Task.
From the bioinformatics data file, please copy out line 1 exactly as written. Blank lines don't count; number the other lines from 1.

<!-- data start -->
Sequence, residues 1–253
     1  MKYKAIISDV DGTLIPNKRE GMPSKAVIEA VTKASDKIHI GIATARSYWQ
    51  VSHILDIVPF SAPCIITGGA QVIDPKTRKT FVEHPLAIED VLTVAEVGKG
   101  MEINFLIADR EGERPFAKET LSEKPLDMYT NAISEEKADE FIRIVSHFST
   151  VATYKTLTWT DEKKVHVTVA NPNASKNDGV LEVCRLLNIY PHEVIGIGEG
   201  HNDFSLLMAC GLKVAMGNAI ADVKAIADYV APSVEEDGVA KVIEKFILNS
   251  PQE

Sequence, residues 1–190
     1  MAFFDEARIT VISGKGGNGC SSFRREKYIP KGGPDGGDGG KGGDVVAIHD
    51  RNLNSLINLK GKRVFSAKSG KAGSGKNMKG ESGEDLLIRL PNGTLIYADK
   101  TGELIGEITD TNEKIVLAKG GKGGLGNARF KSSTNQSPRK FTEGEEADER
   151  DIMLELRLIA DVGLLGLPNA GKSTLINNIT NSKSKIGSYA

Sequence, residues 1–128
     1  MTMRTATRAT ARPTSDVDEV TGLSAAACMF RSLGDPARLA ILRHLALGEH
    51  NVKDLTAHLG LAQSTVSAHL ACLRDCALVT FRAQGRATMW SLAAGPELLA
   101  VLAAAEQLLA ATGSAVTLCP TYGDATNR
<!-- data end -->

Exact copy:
Sequence, residues 1–253